Great Expectations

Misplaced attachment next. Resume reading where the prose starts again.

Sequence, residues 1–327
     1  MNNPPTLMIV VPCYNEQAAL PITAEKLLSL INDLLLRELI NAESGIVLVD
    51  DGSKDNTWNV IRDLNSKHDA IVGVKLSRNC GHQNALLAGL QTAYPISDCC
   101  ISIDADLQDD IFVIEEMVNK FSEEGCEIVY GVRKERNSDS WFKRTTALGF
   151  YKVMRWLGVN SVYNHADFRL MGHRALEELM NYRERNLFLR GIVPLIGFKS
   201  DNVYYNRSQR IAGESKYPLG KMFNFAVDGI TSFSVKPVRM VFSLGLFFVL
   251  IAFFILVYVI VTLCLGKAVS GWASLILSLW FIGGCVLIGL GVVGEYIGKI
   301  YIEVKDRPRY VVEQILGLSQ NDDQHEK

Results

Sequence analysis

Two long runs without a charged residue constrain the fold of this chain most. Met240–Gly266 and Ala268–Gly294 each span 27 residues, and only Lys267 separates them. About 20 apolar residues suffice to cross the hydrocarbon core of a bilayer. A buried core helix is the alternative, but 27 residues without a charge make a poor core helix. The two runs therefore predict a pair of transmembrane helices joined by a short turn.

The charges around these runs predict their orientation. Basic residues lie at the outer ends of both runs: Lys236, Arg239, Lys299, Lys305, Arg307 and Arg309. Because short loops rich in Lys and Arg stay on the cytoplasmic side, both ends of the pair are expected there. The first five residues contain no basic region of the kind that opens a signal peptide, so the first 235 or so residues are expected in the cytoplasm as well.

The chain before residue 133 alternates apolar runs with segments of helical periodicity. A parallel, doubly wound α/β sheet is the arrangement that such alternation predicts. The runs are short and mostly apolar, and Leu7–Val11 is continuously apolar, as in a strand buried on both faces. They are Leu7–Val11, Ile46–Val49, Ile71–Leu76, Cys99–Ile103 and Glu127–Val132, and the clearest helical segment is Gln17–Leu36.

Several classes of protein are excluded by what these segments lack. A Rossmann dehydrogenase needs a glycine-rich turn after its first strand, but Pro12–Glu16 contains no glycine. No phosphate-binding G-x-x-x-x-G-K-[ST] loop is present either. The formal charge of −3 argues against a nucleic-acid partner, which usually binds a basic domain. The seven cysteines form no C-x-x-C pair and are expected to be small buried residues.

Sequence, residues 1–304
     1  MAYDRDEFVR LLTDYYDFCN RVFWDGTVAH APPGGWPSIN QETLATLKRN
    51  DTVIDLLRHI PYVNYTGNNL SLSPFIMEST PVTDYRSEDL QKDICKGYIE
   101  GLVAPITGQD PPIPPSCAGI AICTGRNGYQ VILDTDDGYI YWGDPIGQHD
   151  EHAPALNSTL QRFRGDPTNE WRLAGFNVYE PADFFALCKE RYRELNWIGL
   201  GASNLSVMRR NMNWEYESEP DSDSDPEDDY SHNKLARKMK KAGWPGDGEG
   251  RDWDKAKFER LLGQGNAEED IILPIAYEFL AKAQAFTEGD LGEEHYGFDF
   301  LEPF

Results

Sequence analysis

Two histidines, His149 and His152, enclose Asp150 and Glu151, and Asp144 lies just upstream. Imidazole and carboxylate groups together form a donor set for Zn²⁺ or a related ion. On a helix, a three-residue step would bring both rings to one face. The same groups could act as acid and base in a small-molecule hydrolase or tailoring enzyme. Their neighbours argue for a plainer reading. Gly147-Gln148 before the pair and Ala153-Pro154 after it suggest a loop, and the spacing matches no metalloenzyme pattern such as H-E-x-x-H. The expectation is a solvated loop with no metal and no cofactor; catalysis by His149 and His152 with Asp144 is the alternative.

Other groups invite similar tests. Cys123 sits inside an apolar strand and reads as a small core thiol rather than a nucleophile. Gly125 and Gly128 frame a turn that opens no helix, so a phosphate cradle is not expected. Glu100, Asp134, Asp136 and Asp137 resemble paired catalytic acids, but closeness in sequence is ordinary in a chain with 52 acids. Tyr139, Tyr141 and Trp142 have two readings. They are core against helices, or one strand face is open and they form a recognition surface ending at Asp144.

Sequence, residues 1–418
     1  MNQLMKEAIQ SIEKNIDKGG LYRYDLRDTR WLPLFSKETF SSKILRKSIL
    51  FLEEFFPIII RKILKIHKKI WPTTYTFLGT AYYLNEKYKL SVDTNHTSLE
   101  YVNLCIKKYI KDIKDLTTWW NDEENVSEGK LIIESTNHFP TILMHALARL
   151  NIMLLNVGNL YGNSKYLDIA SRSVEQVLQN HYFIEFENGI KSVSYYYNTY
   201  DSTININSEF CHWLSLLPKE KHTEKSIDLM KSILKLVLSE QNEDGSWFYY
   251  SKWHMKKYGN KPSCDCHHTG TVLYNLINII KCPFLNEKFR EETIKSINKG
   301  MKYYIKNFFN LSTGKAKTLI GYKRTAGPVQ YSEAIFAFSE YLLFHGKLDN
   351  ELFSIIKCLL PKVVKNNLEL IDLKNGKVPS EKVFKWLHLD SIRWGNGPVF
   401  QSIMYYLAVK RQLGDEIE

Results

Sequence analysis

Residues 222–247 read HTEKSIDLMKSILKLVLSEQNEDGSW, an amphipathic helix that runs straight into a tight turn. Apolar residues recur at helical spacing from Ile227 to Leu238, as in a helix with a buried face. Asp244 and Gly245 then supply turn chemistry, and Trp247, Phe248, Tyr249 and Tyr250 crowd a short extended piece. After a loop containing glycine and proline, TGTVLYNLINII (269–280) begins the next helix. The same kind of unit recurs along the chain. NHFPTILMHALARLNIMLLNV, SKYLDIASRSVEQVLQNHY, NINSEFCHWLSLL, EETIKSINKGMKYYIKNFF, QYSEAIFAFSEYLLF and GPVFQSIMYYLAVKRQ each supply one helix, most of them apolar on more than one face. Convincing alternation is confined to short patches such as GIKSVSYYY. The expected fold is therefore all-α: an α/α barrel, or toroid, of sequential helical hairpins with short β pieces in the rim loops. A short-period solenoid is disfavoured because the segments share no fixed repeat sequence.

It has never ceased to amaze me how much emphasis and value people put on other people’s expectations for them. They are usually great, sometimes very low, but all are great in their weight. Growing up in church, people are amazing and beautiful but have very high moral expectations for the rest of the congregation, especially the children. There were expectations on manners, behavior, speach, schooling, responses, actions, everything. That is excellent to some degree as guidance is necessary to grow to be a responsible adult. However, some expectations border on abuse, expecting perfection does not to me seem reasonable. I catch myself reprimanding my children for imperfection and then have to laugh and shift my focus to guiding their moral character and not demanding perfection. I cannot even do perfection, with all my vast experience. LOL And people often expect more of us than they do of themselves. There are exceptions, but these moral obligations are often quite heavy. And because I have this strong independent streak and more energy than most in a room at a given time, I was expected to pretty much do everything. Of course, this kept me out of trouble some and learning and occupied often but the expectation was heavy. And we in our various family groups, be it blood relatives, band family, family of God, or some other group you claim as part of the family, we must never expect or demand more from another than we ourselves are able and willing to give, in accordance to the particular talents and abilities of the people involved. Some people can do more, some less, all can contribute. There are no small jobs in the armed services or in any other part of life. In living up to expectations because of my intelligence and energy that I would be a doctor, and I am, I spent much of my life in school acquiring student loans and learning the joy of no life at all while working and schooling until I got married and had children and then had that life. And I would have loved to be an artist and musician or a great mechanic or farmer like my dad. I would have made less but lived more maybe. I am not saying I regret this. I do not at all. I appreciate every opportunity I have had to grow and learn and help. That is what life is about for me. But expecting that which is impractical is foolish for anyone. Demanding someone be perfect when you are full of imperfections is hypocritical and idiotic and unforgiving. My moral for the moment is: expect only what you yourself are willing to do and let God be their moral compass. They are responsible to Him not you.

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